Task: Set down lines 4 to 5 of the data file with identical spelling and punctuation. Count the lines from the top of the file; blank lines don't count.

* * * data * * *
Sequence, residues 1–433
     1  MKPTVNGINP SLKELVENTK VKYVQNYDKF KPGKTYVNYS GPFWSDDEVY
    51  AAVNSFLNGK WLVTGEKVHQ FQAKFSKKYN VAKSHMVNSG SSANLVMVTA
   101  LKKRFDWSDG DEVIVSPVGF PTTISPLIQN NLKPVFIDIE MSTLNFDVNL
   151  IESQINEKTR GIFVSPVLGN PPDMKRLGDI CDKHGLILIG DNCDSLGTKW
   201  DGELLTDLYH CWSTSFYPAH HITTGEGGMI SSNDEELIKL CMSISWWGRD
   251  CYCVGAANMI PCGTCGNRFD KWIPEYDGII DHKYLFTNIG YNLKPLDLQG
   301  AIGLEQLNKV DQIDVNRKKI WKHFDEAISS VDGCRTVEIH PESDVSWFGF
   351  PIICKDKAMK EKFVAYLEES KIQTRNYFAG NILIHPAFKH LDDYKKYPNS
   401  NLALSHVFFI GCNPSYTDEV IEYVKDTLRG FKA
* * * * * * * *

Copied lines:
   101  LKKRFDWSDG DEVIVSPVGF PTTISPLIQN NLKPVFIDIE MSTLNFDVNL
   151  IESQINEKTR GIFVSPVLGN PPDMKRLGDI CDKHGLILIG DNCDSLGTKW